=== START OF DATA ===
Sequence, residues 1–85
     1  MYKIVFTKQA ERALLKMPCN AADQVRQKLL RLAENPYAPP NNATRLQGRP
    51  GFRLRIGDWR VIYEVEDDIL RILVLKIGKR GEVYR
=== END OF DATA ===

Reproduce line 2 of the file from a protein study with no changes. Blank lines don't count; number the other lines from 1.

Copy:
     1  MYKIVFTKQA ERALLKMPCN AADQVRQKLL RLAENPYAPP NNATRLQGRP